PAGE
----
My current PC is well over 8 years now, and the slow hard disk is reading bits at such a slow rate that it hasn't become fun anymore. So the option was to either replace the drive with some NVME SSD, or lookout for a new PC. At some point I saw a second hand iMac for sale for a sweet price, and decided to grab it: I've become more and more charmed of MacOS as a development platform, and I recently purchased an el cheapo 2013 Macbook Air as well, which runs nicely the latest MacOS versions thanks to OCLP.

The retina display and the small form factor (well, at least compared against a full blown desktop tower) are the strong points of this machine. The i5 Intel performs still nicely (no need for fast CPU cycles) and the Fusion Drive SSD/HDD combo is still an improvement from the hard disk setup of my old PC.

The sheer size of the 27 inch screen made me dub the PC 'Battlestar Galactica'. Starship names for computers (the Macbook Air is hostnamed 'Rocinante'), and (science fiction) planet names for access point SSID names is a sweet combo.

Seestar S50

I always wanted to dive into astrophotography, but couldn't bring myself to do it: taking long exposure pictures required in the past deep pockets: you needed a motor which carefully tracked the scope against the rotation of the earth while keeping your object in the eyepiece. With the introduction of CCD cameras, prices became more democratic, but at that time, I got myself a Dobson scope, eliminating all tracking possibilities.

Until recently, with the availability of small smart telescopes: these are small little robots, equipped with a decent camera, tracking and goto system, controlled by a smartphone app. After reading some reviews of the ZWO Seestar S50, I immediately ordered one, and the results are stunning. The fun part is that the smart scope can keep collecting light, while I remain inside on the sofa, following the results ;) Very impressed with what this little scope is capable off !

Drupal 10

This site has been updated to Drupal 10. I had to spend way too much time on this, including some Docker voodo and fighting with weird Bitnami settings. I still don't get why Drupal 9 was so suddenly announced as EOL. Drupal still feels more and more like a RAM where all I need is a little Honda...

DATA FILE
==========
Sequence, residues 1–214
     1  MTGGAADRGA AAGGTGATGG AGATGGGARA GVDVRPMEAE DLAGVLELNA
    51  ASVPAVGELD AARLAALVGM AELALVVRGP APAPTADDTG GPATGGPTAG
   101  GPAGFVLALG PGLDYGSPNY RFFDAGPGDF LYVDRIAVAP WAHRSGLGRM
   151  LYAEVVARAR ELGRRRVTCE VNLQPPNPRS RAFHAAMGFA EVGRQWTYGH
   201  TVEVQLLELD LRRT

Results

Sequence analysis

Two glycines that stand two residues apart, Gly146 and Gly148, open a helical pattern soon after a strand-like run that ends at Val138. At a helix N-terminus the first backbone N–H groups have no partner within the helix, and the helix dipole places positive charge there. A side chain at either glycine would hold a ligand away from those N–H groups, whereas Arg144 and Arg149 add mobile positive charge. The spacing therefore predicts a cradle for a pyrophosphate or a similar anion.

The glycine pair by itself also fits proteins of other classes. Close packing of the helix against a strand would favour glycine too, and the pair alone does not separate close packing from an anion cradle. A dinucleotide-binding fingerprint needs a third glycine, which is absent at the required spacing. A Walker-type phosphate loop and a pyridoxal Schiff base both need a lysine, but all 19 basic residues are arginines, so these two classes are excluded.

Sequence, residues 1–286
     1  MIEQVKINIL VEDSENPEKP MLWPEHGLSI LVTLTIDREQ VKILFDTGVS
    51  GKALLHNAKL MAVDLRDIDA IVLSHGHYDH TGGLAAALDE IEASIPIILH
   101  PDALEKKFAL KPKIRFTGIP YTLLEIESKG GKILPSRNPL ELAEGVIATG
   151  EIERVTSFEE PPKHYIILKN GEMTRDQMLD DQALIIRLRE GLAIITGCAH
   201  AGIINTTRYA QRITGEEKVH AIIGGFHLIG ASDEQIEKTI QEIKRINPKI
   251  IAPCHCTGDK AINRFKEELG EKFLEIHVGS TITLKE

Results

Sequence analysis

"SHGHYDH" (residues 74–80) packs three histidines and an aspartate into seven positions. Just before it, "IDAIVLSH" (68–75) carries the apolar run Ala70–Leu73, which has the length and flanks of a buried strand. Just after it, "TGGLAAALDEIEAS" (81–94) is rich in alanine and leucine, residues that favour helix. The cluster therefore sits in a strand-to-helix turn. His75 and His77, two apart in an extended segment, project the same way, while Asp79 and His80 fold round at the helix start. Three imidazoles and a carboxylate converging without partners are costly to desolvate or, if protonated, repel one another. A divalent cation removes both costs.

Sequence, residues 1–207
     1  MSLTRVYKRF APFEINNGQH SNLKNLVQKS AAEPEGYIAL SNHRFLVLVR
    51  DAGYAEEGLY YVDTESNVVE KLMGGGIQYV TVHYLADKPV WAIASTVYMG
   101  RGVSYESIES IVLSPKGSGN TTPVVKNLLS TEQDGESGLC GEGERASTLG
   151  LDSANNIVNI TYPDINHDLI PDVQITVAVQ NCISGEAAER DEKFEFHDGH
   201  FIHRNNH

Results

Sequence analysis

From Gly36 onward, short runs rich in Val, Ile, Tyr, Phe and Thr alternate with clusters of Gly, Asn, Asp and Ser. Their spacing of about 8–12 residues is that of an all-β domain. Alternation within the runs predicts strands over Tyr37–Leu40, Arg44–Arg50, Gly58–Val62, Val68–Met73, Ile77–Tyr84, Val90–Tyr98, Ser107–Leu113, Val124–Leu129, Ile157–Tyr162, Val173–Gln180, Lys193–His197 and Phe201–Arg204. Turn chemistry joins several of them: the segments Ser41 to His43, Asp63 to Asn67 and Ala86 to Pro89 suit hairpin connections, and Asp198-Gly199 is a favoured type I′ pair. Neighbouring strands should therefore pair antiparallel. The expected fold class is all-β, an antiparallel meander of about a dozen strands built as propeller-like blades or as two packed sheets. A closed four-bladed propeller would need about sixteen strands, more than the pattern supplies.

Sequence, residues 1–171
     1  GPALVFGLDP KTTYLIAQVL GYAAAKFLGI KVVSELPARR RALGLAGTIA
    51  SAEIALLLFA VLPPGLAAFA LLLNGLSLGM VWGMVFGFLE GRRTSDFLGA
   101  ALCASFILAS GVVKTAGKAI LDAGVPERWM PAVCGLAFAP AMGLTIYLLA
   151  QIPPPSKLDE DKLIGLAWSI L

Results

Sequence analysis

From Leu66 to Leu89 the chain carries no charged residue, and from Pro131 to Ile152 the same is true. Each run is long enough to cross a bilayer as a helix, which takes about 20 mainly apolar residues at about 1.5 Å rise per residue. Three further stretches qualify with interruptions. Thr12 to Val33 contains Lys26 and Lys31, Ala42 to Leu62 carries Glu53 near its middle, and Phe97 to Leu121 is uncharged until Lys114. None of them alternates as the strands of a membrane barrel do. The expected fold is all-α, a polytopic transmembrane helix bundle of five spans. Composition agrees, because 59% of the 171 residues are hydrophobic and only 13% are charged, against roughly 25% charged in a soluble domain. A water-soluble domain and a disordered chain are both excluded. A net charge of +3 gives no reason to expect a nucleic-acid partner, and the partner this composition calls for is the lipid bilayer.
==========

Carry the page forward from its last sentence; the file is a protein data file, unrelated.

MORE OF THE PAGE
If there's one thIng I like in Azure, then it's Resource Groups. Inventory management in AWS is kinda difficult; if you're meticulous, you probably use CloudFormation or Terraform to deploy your infrastructure. And if you're truly dedicated, you probably use tags to identify projects, owners and/or creators. But if you're working in a team, it must be verified that all members use the same values for tags. I've seen too many times entries for 'Environment' like 'prod', 'Production', or 'PRD'. Which renders your AWS inventory queries either useless or way too complex.

Basically, your CloudFormation templates don't need to be littered with tag definitions: they must be programmatically added in a CI/CD chain before deployment. Programs like that are hard to find. There is Yor by BridgeCrew, but after some testing I found it to have too many quirks. that's why I developed my own CloudFormation tagging tool, called CfnTagger.

Cfntagger is a Python module which takes its configuration from an environment variable in the form of a dict:

$ export CFN_TAGS='{"Creator": "Erlich", "Application": "Aviato"}'

Then, it's just a matter of running the tool on either a full directory or a single file. You can dry-run it to verify which changes are going to be applied before actually modifying anything. Another possibility is the option of having the git repo and file which defines the resource as tags as well, so you can easily identify which resource has been defined where.